acknowledged and understood the negative impact of the
offenses on the victims, (3) B.C. was willing to accept
responsibility for committing the offenses, (4) B.C. felt
guilty and remorseful because of the negative impact on the
victims, (5) B.C.'s parents acknowledged and understood
the negative impact of the offenses on the victims, (6)
B.C.'s parents held B.C. responsible for the offense
without externalizing the blame, (7) B.C. had no history of
behavior disorder involving physical aggression, (8) B.C. had
a functional family unit, (9) B.C.'s family was
supportive of treatment and willing to be involved in
therapy, and (10) B.C. had no history of behavior or academic
problems at school. McCormick cited the following factors in
support of her moderate risk opinion: (1) B.C. had two or
more documented offenses, (2) B.C. did not understand the
exploitive nature of the offenses, (3) B.C. had negative
self-esteem, and (4) B.C.'s family was unable to identify
problems within the family unit other than B.C.'s deviant
6 On August 17, 2000, B.C. admitted to counts I and III of
the State's petition. The court adjudicated B.C.
delinquent and granted the State's motion to dismiss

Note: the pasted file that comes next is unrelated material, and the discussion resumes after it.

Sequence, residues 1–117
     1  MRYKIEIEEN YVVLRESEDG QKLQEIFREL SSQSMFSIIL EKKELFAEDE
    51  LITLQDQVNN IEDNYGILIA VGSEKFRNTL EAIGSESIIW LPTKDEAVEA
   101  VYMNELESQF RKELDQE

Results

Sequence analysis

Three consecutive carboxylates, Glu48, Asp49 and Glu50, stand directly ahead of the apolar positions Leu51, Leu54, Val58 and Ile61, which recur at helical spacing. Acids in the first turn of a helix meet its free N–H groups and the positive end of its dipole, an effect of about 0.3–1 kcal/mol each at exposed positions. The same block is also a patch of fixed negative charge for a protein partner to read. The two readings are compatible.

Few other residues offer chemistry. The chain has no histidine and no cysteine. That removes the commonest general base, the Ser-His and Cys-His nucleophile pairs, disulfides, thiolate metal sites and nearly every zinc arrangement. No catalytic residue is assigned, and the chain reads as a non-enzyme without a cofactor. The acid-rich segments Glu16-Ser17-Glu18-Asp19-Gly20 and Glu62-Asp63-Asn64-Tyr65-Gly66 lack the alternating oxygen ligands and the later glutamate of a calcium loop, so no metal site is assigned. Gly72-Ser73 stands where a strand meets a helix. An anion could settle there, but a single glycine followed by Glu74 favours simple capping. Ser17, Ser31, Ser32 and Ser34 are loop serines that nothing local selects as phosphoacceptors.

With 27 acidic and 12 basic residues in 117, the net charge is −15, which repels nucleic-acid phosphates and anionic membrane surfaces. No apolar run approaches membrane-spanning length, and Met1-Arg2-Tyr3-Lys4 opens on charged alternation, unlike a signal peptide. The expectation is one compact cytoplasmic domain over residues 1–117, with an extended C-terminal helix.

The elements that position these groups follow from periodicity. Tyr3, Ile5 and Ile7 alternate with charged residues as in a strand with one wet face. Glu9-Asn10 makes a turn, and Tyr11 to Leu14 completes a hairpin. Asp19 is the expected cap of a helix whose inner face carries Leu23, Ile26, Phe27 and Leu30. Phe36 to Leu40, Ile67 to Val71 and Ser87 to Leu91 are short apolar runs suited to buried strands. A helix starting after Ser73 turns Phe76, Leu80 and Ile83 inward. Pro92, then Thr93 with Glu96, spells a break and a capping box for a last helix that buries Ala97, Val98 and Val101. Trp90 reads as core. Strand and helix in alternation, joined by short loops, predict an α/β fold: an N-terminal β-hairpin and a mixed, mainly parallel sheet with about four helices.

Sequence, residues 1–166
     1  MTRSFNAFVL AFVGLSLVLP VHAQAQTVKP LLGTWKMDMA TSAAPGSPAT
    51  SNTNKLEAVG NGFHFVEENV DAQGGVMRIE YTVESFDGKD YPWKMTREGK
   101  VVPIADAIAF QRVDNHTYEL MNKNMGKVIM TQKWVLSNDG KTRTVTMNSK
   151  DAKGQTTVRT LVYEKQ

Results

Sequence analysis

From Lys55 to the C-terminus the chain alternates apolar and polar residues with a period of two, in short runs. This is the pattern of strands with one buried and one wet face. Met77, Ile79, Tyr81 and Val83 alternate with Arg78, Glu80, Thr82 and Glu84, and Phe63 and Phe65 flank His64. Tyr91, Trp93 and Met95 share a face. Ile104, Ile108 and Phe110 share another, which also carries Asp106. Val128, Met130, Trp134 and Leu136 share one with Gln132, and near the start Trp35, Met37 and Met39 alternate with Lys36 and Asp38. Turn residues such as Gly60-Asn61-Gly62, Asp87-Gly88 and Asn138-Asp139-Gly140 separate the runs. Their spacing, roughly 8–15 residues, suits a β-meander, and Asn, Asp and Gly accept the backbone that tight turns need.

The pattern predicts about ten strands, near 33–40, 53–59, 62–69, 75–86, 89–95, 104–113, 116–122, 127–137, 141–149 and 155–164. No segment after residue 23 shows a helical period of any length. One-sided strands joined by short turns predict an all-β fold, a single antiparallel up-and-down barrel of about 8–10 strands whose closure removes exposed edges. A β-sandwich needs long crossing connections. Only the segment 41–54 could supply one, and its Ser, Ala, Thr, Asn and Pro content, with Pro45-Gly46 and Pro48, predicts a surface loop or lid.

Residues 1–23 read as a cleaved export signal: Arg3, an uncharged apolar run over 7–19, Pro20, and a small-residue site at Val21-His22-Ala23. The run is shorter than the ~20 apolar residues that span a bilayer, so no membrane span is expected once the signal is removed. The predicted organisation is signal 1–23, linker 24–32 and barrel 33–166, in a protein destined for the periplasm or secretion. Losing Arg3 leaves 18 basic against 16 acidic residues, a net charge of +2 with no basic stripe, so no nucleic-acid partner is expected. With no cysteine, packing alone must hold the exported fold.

counts II and IV. The court placed B.C. on reporting
probation until August 17, 2005.
7 In October 2001, Dr. Antoinette Kavanaugh evaluated B.C. In
her report, Kavanaugh said B.C. appeared to be making
positive strides in therapy, and he had improved his social
skills. Kavanaugh noted that assessing B.C.'s risk of
reoffense was "not an easy task" because recidivism
rates for adolescent sex offenders were low compared to adult
sex offenders and a 100% accurate empirical risk assessment
did not exist. Nevertheless, Kavanaugh cited the following
factors that may reduce B.C.'s likelihood of reoffense:
(1) B.C. had no history of juvenile delinquency before the
adjudicated offense, (2) since B.C.'s adjudication, he
has not had any new involvement with the justice system, (3)